The email signature you use when emailing clients and customers should be clean, professional, and on-brand. If you’re able, add your logo, social links, a link to your website, or other relevant information. Stick to your brand fonts and colors to make your email signature more recognizable to current clients or customers. Don’t forget to add a closing remark (Regards, Thanks, etc.) and your name so they know exactly who they’re speaking with.
The verbiage you use online and when speaking to customers in person should sound similar. Having specific ‘lingo’ you use when speaking about your brand helps with recognition and feels more personable. This can include common taglines you use in your marketing, quotes that you think describe your business well, or other jargon used in your elevator pitch.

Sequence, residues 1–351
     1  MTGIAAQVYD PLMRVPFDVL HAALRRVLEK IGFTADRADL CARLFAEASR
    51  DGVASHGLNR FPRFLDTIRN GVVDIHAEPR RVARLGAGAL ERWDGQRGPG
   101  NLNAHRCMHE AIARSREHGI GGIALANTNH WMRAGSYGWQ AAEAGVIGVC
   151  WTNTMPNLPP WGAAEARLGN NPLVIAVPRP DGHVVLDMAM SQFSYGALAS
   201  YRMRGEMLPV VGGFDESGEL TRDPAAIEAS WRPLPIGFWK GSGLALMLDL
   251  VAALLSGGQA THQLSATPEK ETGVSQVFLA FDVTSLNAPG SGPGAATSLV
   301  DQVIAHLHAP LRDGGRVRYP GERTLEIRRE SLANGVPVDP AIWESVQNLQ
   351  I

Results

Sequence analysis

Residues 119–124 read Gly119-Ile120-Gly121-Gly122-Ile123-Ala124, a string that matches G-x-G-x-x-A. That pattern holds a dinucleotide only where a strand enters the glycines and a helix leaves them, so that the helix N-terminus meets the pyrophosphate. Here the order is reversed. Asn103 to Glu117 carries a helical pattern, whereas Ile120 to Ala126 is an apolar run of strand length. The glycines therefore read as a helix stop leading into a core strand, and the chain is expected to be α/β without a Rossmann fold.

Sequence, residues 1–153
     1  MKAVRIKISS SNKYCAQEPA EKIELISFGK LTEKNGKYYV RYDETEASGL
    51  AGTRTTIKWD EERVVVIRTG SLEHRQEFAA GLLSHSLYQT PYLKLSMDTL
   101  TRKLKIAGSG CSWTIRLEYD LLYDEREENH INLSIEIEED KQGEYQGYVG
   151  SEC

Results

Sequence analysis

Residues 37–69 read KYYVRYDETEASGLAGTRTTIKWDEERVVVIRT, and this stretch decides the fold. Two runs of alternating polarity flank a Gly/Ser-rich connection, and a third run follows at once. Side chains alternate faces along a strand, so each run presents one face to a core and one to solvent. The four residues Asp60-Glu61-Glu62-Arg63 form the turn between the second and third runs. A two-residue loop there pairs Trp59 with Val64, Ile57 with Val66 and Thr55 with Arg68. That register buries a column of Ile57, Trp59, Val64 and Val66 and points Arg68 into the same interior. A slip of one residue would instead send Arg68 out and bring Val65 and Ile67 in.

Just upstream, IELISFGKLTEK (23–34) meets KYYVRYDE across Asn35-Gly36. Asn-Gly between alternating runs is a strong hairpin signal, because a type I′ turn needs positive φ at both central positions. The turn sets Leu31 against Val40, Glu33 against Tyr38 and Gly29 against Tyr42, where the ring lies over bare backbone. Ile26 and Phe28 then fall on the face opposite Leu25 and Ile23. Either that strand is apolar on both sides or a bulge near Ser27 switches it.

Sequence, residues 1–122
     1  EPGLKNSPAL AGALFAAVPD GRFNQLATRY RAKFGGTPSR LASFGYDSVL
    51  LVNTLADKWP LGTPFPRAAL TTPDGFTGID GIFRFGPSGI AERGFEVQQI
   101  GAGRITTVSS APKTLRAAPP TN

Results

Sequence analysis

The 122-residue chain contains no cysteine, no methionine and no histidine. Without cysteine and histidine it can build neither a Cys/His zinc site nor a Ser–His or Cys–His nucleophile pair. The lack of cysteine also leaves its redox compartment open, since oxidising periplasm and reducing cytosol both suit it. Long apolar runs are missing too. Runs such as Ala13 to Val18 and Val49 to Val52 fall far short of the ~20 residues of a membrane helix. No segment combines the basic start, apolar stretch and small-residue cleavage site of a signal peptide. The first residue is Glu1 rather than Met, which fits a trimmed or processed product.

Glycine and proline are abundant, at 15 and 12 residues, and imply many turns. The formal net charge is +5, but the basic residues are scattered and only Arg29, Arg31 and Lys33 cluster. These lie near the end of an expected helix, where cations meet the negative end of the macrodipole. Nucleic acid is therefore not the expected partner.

What does your brand stand for? What is your company’s purpose? By sharing your brand values, you’ll attract like-minded businesses and clients. This also helps create trust, which means customers are more likely to purchase your goods or services.
Having a professionally-designed and maintained website is a big step for many businesses, especially in the age of social media. Many small businesses start out using a Facebook page, Instagram, LinkedIn, or other social platforms to get the word out about their business. While this is a great way to start, at some point, you’ll need a website.
There are plenty of DIY website builders you can use, but this can also create more issues than successes. Without the professional know-how of a designer, it’s easy to miss important technical aspects of a website that can greatly affect your SEO. Engage multiple website design firms to obtain quotes so you know you’re getting the best price!